That being said, there is an aspect of the MJF printing process that is less than ideal – its surface finishing options. These current techniques hold the ability to cause a variety of issues in the additive workflow, as most require a significant amount of tedious manual labor. These processes tend to involve arcane tools like sandpaper, sanding blocks, or even small dremel tools. Plus, as anyone who has had to hire technical workers knows; manual labor can be quite costly, and at times, hard to come by.

If your business decides not to hire technicians to execute surface finishing, there is a good chance that instead, engineers will be spending precious working hours sanding away at printed parts. This engineering time devoted to post-processing could be otherwise spent working on more significant projects. These various inefficiencies tend to culminate as post-print bottlenecks, preventing production volumes from being achieved, and disrupting streamlined workflows.

Alternatively, traditional vibratory surface finishing systems are also frequently used to post-process MJF printed parts. The issue with this approach is that it lacks significant control as a subtractive manufacturing process. Vibratory systems run a high risk of damage, or at the very least, wearing down the intricate geometry of the parts. This technique has a tendency of resulting in wide inconsistencies and breakage. Our most recent white paper discusses a new, automated approach that mitigates these challenges with a software-driven solution designed specifically for additive manufacturing.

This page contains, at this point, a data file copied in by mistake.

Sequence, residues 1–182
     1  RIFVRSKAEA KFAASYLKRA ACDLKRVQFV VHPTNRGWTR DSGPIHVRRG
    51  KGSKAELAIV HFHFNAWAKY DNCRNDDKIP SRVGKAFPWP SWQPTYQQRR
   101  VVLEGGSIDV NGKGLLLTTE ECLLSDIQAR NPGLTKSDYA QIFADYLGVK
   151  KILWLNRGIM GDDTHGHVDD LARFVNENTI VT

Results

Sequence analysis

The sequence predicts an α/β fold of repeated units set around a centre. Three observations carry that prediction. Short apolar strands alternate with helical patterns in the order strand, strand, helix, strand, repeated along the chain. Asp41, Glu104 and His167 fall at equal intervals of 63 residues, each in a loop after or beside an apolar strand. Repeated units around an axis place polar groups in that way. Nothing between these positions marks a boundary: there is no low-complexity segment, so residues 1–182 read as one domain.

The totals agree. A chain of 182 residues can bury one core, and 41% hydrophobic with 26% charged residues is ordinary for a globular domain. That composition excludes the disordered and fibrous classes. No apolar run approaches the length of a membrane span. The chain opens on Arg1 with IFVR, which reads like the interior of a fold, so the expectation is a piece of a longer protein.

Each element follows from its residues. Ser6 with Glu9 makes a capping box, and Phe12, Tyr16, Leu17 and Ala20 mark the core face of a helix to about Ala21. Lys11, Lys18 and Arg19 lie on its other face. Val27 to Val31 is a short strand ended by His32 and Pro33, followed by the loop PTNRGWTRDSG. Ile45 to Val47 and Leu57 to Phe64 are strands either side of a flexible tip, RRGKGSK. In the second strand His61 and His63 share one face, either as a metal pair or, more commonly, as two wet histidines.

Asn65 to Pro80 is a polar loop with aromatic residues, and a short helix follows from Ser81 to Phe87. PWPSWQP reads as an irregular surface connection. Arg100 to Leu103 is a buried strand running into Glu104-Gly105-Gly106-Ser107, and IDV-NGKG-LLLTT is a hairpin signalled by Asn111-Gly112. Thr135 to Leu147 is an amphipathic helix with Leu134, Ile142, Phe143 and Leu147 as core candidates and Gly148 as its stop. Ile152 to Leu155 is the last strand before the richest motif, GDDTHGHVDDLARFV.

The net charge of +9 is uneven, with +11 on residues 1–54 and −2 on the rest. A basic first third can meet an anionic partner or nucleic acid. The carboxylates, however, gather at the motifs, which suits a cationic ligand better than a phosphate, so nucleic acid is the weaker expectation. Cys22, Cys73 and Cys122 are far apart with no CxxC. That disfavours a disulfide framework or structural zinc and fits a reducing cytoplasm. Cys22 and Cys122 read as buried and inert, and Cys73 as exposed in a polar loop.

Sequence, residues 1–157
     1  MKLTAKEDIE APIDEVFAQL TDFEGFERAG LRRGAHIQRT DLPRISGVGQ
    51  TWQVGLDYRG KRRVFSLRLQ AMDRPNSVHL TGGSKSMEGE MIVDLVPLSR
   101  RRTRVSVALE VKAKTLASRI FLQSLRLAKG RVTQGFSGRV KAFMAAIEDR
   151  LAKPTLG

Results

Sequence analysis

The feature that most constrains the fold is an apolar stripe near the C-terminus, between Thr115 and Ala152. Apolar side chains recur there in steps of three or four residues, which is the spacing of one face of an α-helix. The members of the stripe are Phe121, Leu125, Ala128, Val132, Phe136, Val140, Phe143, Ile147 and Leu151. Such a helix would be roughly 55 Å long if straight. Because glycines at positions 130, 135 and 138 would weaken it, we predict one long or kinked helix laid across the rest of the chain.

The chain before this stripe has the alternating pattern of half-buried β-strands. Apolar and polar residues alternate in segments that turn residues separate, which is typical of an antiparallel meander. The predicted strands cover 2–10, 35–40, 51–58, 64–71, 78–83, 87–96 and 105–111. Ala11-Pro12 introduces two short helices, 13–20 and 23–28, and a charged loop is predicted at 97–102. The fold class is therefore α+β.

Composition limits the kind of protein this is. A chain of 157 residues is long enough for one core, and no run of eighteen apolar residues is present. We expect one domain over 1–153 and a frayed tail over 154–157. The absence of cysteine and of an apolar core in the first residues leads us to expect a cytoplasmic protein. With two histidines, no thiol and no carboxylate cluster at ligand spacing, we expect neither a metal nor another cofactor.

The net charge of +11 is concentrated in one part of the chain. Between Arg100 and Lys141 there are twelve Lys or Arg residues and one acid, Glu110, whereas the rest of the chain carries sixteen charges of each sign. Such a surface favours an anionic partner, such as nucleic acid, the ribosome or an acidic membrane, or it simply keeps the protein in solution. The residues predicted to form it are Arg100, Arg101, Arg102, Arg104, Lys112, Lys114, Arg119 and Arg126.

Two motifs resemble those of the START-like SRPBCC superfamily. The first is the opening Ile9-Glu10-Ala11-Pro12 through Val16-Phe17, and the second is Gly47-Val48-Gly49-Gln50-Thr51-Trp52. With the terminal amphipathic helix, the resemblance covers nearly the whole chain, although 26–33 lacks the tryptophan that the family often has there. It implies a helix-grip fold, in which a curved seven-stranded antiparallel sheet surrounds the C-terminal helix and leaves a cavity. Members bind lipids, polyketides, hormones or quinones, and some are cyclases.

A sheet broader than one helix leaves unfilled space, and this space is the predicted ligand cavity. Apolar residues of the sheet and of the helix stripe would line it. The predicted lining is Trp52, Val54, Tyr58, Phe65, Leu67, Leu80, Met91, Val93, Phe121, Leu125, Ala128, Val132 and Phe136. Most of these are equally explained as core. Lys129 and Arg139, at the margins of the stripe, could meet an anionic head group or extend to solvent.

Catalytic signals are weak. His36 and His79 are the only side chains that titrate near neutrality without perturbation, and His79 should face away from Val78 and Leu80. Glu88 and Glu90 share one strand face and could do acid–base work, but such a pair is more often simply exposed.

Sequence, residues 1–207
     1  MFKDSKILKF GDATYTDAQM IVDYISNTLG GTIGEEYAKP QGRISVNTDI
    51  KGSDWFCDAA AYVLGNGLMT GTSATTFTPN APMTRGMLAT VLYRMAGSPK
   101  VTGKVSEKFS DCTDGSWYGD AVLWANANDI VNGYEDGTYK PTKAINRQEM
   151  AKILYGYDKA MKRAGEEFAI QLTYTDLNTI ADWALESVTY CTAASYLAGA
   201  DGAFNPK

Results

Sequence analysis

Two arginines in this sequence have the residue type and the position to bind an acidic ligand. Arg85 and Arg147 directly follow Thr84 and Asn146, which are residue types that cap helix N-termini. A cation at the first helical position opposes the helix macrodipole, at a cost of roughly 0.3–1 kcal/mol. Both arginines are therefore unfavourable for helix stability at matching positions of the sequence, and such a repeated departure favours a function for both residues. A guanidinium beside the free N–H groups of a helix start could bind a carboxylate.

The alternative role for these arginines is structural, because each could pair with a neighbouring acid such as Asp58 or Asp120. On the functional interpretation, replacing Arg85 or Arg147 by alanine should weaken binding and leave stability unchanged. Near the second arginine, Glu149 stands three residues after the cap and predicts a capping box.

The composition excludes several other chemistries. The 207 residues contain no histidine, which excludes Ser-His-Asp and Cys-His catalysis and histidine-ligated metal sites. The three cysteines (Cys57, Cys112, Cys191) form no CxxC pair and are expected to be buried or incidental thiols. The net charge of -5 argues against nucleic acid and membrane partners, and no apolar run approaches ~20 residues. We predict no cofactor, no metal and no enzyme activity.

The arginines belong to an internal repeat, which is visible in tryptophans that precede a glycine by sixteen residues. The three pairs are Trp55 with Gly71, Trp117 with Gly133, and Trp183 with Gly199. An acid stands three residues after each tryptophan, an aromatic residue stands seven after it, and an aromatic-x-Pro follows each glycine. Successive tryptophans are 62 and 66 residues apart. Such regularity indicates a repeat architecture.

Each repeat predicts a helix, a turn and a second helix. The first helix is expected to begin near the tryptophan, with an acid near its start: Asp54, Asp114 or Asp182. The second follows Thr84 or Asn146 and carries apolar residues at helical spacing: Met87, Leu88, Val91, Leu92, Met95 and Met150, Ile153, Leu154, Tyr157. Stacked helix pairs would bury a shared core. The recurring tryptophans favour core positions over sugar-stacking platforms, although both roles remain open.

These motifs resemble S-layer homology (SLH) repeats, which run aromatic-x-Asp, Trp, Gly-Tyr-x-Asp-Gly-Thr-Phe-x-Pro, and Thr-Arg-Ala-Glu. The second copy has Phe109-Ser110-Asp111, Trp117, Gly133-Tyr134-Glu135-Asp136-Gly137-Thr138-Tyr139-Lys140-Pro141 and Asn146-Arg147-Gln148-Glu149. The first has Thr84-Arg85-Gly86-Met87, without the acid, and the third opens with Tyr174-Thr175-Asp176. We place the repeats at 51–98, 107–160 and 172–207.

This paper covers:

  • The benefits of a novel automated post-printing method for surface finishing.
  • Opportunities to achieve surface finish values of less than 2-microns across a variety of MJF printer platforms.
  • Key considerations like part density and hardness.
  • Manufacturing factors including the impact of print technology and print orientation on the surface profile.

This aforementioned surface finishing technology prevents bottlenecks, frees up labor costs, and provides rapid, consistent results that preserve complex details.

Read through our white paper to learn about the software-driven automation, suspended rotational force, and patent-pending chemicals that make this automated technology so revolutionary to the MJF surface finishing process.

-> Want to learn more? Contact Us

-> Return to Blog Homepage

Site Map | Terms of Use | Privacy Policy | © 2024 PostProcess Technologies. All Rights Reserved | 2495 Main Street, Suite 615, Buffalo, NY 14214, USA | Phone: 1.866.430.5354 | info@postprocess.com